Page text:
Tax Benefits of Home Ownership

 If you own a home or sold one in the previous year, you may be entitled to tax breaks!

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Tax Benefits of Homeownership by BY  ON 9 MAR 2015

Owning real estate can make tax season more complex, but many homeowners receive considerable benefits — especially if they sold a home or relocated for a job in the previous year. Here’s a look at three ways homeownership can pay off at tax time.

Mortgage interest

When you purchase a home, you will likely get a mortgage. Your monthly mortgage payment is made up of both principal (paying money to pay down the loan) and interest (what the lender charges for supplying the loan). As a way to incentivize homeownership, the federal government provides a tax benefit when it comes to the interest portion of your mortgage payment.

A homeowner can write off, dollar for dollar, the interest portion of their mortgage payment. Say, for example, a homeowner’s annual salary is $100,000. Their mortgage payment is $1,200 per month, and the interest portion of that payment is $1,000. At the end of the year, they have a $12,000 tax write-off. In essence, their taxable income is reduced to $88,000.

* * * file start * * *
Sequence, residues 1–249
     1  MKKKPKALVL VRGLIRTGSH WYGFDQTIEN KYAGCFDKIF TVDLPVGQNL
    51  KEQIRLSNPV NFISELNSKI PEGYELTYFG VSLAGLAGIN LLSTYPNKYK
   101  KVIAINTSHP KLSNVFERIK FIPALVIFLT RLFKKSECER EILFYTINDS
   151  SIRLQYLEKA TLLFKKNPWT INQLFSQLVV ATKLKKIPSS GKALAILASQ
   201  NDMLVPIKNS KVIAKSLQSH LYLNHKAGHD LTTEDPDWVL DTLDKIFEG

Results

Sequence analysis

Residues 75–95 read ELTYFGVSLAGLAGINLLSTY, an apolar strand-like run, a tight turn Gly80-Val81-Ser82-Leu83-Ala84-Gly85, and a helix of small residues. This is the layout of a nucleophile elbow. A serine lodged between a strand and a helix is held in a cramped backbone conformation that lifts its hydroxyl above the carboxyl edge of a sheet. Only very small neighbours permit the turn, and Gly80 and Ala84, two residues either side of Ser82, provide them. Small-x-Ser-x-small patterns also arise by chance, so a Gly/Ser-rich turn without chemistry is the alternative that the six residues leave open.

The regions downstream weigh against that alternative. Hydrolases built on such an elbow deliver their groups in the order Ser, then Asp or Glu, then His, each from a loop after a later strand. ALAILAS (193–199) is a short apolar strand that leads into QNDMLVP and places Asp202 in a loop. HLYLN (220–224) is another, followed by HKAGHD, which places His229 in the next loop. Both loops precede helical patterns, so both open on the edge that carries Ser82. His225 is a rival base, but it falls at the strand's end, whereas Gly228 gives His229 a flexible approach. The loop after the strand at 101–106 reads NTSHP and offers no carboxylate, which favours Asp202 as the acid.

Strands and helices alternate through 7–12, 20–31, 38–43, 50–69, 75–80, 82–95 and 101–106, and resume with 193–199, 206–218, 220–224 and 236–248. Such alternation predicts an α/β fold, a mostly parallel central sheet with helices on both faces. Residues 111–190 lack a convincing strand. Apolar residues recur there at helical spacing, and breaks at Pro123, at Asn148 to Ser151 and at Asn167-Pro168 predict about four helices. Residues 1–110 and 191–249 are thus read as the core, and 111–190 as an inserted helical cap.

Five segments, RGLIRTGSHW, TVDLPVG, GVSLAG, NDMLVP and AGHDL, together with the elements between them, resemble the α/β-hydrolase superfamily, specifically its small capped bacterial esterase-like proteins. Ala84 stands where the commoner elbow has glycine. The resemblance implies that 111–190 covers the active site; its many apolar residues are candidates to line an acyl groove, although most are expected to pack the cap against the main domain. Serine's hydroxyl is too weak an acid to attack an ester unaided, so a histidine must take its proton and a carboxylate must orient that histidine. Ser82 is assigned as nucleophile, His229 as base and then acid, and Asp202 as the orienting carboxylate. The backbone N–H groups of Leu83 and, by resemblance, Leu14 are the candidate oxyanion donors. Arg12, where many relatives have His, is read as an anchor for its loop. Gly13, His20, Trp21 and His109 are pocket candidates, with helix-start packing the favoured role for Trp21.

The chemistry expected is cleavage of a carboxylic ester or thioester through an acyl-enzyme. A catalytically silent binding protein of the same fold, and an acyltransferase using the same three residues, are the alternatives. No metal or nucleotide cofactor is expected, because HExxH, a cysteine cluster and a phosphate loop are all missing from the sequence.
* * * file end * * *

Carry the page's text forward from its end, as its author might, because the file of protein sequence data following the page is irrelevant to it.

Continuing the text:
Capital gains

Homeowners also get a tax break when they sell their home. If you purchase your home for $200,000 and sell it for $400,000, you have a $200,000 gain — that’s income.

If you have an income by way of a job, a contract position or the sale of stock or mutual funds, you pay income tax on that gain. With homeownership, it’s different. If you are single and lived in the home for at least two of the past five years, you do not have to pay any income tax on that $200,000 gain — in fact, you don’t have to pay on gain up to $250,000. Married couples filing tax returns jointly and following the same owner occupancy guidelines are exempt up to $500,000. Where else can you generate income without paying taxes on it?

Tax credits for moving

If you purchase a home in one state and sell one in another, you should check with a CPA in both states. There may be benefits realized in one state but not the other, such as tax credits for moving expenses, if the move is a part of a job transfer. And, for the year you are between states, you will likely need to file a return in each state. It’s always smart to check with a CPA before a real estate transaction.


Monica Mancano

Monica Mancano

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